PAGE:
[The] artistic director of the Vinohrady Theatre in Prague asked Kohout to write a play for the 1962/63 season…. The result was the "Musical mystery" War with the Newts [an adaption of Karel Čapek's novel, Válka s mloky], conceived—and here again appear Kohout's sure dramatic intuition and flexibility—as a "live television coverage of the destruction of the world, with documentary photographs about the cause and the development of the apocalypse, relayed by the last yet unsubmerged television tower." The whole stage was conceived as one giant television screen. A chorus-like group of reporters propelled the action. Individually they would step out of the group in order to re-enact the most important incidents of Čapek's novel. Then they would merge again with the unified chorus, who recited in hexameter the terrible story of the rise of the Newts, thus giving the events the timeless awe-inspiring character of Greek tragedy. Čapek's roman feuilleton had been expanded into Kohout's "third dimension" and become something like a lightweight Gesamtkunstwerk, combining the explosive spectacle of a contemporary war film with the stark serenity of Greek tragedy.
The play was a huge success. Open to a variety of interpretations, Čapek's masterpiece of a utopian allegory about creatures initiated in methods of destructiveness by man himself radiated from the stage a variety of meanings that were electrifying to an audience who was eager to hear the opposite of a single-minded ideological message. Yet, ironically, Kohout's play was immune to political censorship, because long ago Čapek's novel had passed the censorship board with high marks…. [Paradoxically], Čapek's work found itself with just the right credentials to pass censorship despite the fact that it consistently attacks non-democratic systems in any form as the prime enemies of all human culture and intellectual freedom....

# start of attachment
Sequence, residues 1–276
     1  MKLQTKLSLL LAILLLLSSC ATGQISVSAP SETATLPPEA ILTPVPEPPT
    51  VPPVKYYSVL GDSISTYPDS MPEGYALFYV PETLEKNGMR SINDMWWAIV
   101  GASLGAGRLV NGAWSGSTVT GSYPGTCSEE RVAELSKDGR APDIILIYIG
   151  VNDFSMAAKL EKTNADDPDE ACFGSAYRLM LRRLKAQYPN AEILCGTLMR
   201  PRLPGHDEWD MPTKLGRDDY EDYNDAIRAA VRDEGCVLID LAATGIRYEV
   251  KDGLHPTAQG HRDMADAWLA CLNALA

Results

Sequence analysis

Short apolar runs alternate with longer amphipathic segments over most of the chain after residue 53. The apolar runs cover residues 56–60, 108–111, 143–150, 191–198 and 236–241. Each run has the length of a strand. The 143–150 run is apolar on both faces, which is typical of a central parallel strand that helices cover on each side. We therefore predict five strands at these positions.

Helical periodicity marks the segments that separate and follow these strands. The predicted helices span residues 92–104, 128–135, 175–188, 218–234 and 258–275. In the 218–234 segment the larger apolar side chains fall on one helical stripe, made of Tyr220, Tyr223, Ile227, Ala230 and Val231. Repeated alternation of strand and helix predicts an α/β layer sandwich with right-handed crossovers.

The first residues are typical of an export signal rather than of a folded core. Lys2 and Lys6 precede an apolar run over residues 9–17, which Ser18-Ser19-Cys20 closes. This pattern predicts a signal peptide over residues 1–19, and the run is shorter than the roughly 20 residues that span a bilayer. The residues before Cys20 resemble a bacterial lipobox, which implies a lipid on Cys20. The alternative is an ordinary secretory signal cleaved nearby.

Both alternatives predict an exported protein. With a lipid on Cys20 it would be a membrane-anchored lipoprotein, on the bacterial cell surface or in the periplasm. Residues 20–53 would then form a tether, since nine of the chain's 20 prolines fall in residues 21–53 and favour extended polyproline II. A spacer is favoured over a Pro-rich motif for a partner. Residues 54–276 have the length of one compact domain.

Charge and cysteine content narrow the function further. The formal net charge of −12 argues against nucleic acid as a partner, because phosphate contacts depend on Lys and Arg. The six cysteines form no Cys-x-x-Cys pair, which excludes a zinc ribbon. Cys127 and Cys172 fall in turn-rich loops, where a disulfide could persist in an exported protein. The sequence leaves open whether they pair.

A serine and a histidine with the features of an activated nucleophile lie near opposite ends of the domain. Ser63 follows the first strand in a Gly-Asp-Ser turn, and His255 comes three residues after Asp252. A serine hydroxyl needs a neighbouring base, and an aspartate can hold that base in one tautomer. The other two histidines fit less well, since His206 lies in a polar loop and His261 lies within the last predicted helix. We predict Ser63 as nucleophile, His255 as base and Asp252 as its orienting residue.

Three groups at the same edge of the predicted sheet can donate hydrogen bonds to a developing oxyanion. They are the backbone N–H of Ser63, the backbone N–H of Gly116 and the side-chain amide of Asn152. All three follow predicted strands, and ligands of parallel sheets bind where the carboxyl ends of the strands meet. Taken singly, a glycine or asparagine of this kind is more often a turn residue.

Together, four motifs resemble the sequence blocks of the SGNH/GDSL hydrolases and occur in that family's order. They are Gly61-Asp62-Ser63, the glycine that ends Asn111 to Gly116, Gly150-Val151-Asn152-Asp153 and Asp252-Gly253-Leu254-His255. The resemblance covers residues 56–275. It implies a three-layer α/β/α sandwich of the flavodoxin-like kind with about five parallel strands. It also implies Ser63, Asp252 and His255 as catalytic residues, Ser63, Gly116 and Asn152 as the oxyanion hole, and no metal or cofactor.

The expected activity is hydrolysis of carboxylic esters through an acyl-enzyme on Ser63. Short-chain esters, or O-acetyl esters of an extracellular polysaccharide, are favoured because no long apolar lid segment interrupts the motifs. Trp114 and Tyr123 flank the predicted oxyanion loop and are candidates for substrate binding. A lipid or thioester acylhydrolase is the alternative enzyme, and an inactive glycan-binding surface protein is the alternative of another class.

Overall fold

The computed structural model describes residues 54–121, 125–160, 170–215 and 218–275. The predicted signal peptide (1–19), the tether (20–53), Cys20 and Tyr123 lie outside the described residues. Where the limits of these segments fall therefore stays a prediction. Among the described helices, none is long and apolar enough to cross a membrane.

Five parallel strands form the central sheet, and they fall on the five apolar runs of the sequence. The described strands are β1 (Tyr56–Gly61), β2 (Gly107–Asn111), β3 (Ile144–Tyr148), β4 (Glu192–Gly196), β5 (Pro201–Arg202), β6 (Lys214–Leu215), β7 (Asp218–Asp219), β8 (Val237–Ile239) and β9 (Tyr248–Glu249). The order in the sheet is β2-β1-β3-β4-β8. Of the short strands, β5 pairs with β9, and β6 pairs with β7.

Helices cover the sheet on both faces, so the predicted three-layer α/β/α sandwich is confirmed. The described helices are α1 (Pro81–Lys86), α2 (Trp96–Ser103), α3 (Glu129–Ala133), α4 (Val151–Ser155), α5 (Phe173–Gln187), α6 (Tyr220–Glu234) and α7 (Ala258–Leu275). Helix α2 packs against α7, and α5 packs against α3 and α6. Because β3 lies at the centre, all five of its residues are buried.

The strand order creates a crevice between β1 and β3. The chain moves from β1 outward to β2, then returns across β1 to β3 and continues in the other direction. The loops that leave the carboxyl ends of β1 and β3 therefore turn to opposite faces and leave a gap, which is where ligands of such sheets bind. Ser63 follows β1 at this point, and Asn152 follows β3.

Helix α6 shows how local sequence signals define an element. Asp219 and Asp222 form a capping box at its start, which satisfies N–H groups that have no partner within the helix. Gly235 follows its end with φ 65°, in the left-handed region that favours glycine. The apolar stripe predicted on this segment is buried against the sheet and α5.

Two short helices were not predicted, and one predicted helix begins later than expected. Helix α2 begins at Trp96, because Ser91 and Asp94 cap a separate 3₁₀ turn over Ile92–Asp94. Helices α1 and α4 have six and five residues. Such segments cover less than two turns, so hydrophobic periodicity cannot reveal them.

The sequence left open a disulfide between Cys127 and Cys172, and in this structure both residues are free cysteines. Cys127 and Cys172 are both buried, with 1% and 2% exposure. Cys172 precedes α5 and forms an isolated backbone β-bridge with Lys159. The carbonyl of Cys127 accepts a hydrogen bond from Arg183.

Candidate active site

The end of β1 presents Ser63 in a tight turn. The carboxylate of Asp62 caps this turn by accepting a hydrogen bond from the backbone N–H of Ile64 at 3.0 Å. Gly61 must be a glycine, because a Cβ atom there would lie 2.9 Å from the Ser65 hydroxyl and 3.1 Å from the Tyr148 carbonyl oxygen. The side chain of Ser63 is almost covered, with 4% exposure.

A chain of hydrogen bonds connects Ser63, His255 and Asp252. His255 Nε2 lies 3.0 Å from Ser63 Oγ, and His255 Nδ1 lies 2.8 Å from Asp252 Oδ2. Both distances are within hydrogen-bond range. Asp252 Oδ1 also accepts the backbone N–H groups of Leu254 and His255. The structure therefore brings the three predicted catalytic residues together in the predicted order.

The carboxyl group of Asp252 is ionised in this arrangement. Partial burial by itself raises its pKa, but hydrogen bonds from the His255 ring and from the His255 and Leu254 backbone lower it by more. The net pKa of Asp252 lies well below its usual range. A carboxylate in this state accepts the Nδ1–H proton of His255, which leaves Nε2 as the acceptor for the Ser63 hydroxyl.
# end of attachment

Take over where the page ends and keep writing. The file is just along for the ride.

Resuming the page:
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In his personal story Pavel Kohout, known best as a playwright …, literally embodies the development of the intellectual core of the Czechoslovak Communist Party from the idealistic and sometimes downright idiotic acceptance of socialism reduced to Stalinist dogma in the fifties (his first poems and plays are an excellent example) to the sophistication of Czechoslovak Marxist thinking of the second half of the sixties (his latest plays amply demonstrate this). White Book is Kohout's first novel….
The author's theatrical experience is clearly noticeable: the book uses techniques essentially similar to those employed by writers who, in the sixties, read...
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Satire rarely translates well. It depends not only on common assumptions (no sweat in the particular case of Pavel Kohout's critique of Soviet oppression) but, more problematically, on a common shock-threshold. So White Book presents a dilemma. I wanted to find it a courageously funny act of protest by this Czech author against a regime whose response to such acts is (as the fiction reminds us) notably humourless. But after a few pages it reads predictably, a story that suffers in translation by comparison with the Western satiric fantasies it emulates (Pynchon, Vonnegut, Brautigan).
The first problem is that east of Berlin everyone needs something blunter than a rapier to get his ideas...
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Arthur N. Athanason
New York Times critic Clive Barnes described Poor Murderer as "a strange, dazzling … intellectual play that zigzags across the stage and richochets across the mind."
The play's protagonist Anton Ignatyevich Kerzhentsev is a young turn-of-the-century Russian actor confined in the St. Elizabeth Institute for Nervous Disorders in St. Petersburg….
[He] is granted permission to stage an autobiographical play in the great hall of the institute as a means of proving to the authorities and to himself that he is sane as well as guilty of a murderous act of passion. It becomes subtly apparent that Kerzhentsev's performance of the play-within-the-play is a desperate attempt...